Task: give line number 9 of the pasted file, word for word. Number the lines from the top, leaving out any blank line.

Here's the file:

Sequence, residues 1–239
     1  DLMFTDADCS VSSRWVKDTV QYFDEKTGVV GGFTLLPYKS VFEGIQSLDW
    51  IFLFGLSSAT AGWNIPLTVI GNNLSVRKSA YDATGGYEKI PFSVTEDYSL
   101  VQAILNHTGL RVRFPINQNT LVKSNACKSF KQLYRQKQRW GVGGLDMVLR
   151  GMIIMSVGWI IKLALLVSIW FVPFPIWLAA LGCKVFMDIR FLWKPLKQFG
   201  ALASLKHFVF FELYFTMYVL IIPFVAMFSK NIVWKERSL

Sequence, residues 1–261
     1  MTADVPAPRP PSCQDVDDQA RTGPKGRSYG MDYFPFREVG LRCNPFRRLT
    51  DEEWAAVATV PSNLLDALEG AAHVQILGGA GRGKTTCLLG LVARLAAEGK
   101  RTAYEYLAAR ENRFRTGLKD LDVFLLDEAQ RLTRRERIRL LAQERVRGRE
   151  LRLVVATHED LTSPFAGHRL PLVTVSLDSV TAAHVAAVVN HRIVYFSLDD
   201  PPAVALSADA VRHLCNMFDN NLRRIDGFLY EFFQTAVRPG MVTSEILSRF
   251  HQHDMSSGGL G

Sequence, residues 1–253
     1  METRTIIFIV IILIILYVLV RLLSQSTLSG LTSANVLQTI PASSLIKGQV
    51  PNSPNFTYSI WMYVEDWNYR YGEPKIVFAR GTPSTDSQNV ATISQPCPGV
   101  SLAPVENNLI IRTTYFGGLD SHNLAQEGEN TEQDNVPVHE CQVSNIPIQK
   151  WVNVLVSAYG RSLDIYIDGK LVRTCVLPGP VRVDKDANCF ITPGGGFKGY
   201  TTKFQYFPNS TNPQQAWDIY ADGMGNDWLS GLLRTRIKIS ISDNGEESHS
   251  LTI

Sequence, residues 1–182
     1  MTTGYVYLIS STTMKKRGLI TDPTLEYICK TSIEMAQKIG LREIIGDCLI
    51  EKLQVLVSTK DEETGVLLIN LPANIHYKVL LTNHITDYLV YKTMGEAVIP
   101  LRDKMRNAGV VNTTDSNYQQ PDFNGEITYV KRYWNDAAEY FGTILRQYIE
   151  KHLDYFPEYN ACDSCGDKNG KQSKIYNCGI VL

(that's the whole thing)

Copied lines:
    51  DEEWAAVATV PSNLLDALEG AAHVQILGGA GRGKTTCLLG LVARLAAEGK